Grassroots Group Wages Legal Battle to Protect Special Wetlands

Grassroots Group Wages Legal Battle to Protect Special Wetlands

by Glen Dale, Shoreline Stewardship Association of Cloud Bay and Little Trout Bay

Appreciation and excitement greeted special summer visitors to Cloud Bay, a settlement of 40 dwellings. Our unique Lake Superior warm-water wetland is 24 miles south of Thunder Bay, Ontario.

At issue is one of the few “Provincially Significant” Lake Superior nurseries. An Environmental Impact Study requested by trailer camp developers suggested mitigation to minimize damage to the wetland. The wetland that would be affected if the trailer camp is built is part of only one percent (yes, just 1%) of its kind on the Ontario shoreline.

Responding to our plea, several scientists arrived this summer to check out the site. From Hamilton came McMaster University’s Wetland Research team. These scientists were guests of the neighborhood group who are waging the legal battle to protect Cloud Bay. Other scientists who took interest included Dr. Patricia Chow-Fraser, Wetland Research Director, and PhD candidate-botanist Sheila McNair, who studied the aquatic life of the wetland. Joining Sheila in August was Dennis Albert, renowned Michigan wetland and upland botanist. They observed uncommon marsh vegetation in abundance. If destroyed, a 100-year regeneration period would be involved (that’s if the site is not further disturbed!) Additionally, a team of four biologists* netted and released exceptional numbers of small fish, an indication that Cloud Bay contains major feeding and fish spawning grounds.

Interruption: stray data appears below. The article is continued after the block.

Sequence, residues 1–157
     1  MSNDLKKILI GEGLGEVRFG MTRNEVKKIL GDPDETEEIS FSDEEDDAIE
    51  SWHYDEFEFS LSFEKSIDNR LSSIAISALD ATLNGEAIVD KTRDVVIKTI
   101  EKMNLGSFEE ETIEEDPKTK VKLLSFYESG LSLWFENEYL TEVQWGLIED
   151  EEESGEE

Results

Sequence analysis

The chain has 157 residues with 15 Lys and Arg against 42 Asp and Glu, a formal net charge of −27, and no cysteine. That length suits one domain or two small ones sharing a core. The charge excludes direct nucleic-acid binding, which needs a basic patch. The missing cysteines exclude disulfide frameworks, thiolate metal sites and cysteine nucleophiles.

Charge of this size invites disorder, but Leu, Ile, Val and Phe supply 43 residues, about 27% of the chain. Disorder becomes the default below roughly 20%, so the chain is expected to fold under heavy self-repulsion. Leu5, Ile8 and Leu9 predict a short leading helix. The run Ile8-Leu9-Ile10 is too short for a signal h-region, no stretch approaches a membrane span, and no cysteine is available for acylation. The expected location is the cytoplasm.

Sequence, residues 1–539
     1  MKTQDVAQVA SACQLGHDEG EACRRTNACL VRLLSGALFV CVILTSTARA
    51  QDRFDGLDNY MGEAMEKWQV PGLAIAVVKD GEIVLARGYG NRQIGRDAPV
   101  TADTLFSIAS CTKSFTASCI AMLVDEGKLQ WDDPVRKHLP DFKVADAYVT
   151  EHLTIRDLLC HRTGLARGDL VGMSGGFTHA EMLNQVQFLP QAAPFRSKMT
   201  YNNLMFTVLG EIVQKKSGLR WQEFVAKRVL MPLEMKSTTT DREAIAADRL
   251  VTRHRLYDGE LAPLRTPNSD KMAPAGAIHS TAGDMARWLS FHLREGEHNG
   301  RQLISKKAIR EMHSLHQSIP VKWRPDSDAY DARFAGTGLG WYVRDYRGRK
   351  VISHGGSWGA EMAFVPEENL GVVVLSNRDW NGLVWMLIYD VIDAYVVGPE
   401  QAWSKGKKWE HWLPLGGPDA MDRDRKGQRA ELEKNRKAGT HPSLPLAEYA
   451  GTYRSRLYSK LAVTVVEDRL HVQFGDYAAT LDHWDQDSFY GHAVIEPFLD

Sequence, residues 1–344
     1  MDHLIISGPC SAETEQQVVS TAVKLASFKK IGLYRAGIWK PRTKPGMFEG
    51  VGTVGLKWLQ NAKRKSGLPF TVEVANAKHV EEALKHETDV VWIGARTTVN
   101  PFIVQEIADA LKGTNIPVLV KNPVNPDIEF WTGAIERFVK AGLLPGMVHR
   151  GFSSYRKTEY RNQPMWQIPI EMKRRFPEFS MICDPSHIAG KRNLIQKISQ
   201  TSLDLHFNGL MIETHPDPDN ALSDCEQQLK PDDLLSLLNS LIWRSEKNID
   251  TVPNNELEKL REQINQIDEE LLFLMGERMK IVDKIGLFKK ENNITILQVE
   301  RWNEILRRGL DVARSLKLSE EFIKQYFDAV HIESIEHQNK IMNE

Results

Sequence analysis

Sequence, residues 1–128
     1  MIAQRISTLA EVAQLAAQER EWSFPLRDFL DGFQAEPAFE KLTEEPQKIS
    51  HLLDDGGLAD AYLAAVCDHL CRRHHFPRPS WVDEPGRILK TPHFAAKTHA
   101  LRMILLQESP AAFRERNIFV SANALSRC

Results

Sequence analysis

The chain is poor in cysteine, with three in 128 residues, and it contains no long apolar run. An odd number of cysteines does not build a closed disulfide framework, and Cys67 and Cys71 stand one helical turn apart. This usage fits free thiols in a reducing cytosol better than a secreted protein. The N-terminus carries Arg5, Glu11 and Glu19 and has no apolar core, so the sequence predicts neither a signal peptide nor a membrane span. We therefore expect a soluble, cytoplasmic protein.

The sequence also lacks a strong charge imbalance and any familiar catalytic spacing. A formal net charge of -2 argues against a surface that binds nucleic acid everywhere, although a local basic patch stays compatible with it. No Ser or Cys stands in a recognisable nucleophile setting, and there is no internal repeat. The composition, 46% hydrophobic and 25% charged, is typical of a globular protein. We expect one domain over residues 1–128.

Local Council has approved the trailer camp. The Shoreline Stewardship Association—all volunteers—is appealing the decision to the Ontario Municipal Board. Two years of fundraising, community awareness, and talking to government officials continues. After studying, and enthusiastically paddling the marsh on much of their own time, our lawyer and planner, who are experts in their fields, believe we can win the appeal.

We are grateful to receive support from both Canadian and American friends. It inspires us to rediscover this Binational Forum LaMP 2000 report item: “The greatest threats to Lake Superior’s wetlands are water level regulation and site specific stresses such as shoreline development” [(Ch—Chow-Fraser and Albert, 1998)”].

For more information, please call Glen Dale at (807) 964-2920 or email:

*Student scientists who identified, measured, and counted fish at Cloud Bay include: Titus Seilheimer (Wisconsin); Kim de Mutsert (The Netherlands); and Kristina Kostuk and Brian Reich (south Ontario).


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Images courtesy of Steven Huyser-Honig,
West Grand Boulevard Collaborative, & Yellow Dog Watershed Preserve.